Veronese: Magnificence in Renaissance Venice is the first monographic exhibition of the artist’s work to be held in the UK. The expansive selection of works clearly aims to reposition the master alongside his better known Venetian counterparts Titian and Giorgione; not only to introduce him spectacularly to the British public, but also to emphasise his importance in an art historical context.
The artist’s deft navigation of the colore/disegno (colour/line) debate is immediately striking. The poetic, colour-loving Venetian Renaissance tradition is apparent, but Veronese doesn’t trump line with colour. Instead the exhibition highlights his characteristic depiction of bright, jewel-coloured figural groups against soft-hued background scenes and pale stone architecture. Perhaps Veronese’s early beginnings as a stone cutter can account for his intense interest in these detailed settings. The bold juxtaposition of colours cordons-off the registers of foreground action and background location to imbue the figures with a heightened presence, saturated with life, particularly evident in works such as The Supper at Emmaus (c. 1555) and The Family of Darius before Alexander (c. 1565-7).
The exhibition describes these chromatic juxtapositions in terms of the “theatricality” of stage sets, as if Veronese’s figures have congregated in tableaux against pastel-hued backdrops. There is certainly a sense of contrivance to Veronese’s colour choices, however beyond the “pomp” and “magnificence” which the National Gallery describes the artist’s continual contrasts produce bodies that are suffused with life and fabrics that are illusionistically tangible.
Veronese’s depiction of light is also shown to be crucial to his work. Throughout the exhibition, contrasting light depictions emphasize the different exquisitely rendered textures of luminous silks, plush velvets and the soft, powder-finish of skin. In the final room, Veronese’s late works of the 1580s emphasize the joyous use of light in his earlier works, as somewhat dulled, enigmatic figures, such as Lucretia (c. 1580-5), now emerge from dense and darkened backgrounds. These works seemingly signal a general move towards a fashion for darkened scenes, most famously taken up by Caravaggio in the 1590s.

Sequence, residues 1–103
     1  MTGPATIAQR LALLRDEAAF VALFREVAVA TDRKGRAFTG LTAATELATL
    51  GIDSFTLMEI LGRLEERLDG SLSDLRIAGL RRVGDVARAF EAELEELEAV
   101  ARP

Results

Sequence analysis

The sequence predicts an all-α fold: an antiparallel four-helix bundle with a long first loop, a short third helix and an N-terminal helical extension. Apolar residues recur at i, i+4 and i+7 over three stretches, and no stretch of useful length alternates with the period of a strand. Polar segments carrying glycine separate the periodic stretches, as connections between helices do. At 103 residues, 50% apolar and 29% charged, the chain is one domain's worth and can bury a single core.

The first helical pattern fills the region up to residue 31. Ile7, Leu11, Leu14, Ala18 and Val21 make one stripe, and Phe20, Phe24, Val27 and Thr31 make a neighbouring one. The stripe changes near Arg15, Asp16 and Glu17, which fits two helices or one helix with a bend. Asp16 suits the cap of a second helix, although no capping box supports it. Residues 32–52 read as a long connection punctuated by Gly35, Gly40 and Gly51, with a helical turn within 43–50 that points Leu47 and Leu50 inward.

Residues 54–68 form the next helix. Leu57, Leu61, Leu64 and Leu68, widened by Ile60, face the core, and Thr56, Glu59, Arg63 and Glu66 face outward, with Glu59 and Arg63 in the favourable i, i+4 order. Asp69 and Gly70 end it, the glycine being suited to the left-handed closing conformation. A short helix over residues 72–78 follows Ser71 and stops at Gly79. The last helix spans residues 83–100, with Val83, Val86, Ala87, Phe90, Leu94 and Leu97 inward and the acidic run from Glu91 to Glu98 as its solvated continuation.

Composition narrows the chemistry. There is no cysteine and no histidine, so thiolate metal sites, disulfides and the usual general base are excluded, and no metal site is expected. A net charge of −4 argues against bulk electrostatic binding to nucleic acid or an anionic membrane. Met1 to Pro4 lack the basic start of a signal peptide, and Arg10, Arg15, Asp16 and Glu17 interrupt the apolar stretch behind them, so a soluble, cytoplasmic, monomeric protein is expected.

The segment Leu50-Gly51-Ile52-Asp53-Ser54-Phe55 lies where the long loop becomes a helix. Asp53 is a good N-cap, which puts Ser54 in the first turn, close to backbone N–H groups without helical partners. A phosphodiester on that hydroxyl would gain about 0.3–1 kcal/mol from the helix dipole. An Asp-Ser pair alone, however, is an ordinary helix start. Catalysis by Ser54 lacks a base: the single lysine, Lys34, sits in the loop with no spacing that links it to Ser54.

Overwhelmingly, the exhibited works seem to present Veronese as an important transitional figure, whose life and work spanned the artistic developments of the High Renaissance. The influence of Titian and Raphael are clear; as is Veronese’s impact on the work of Rubens. A wander through the National Gallery’s display of Rubens after visiting the exhibition is certainly recommended; a pity that this isn’t suggested in the exhibition itself.
Besides his Venetian colore influences and the move towards chiaroscuro, a number of “split paintings” are on show, in which extra narrative scenes or symbolic registers are included in the background of paintings; the earlier Dream of Saint Helena (c. 1570) is an intriguing example. Predominantly these signal the close links between Northern Italian art and that of the Low Countries during the early modern period, as this was a popular narrative device in the Netherlands, intended to stimulate contemplation.
Veronese is rewarding viewing, both for its insights into the artistic developments of the 16th century and the artist’s enthralling visual rhetoric of colour and line.
Susannah Smith is an MA student at the Courtauld.
Veronese: Magnificence in Renaissance Venice is at the National Gallery until 15th June 2014.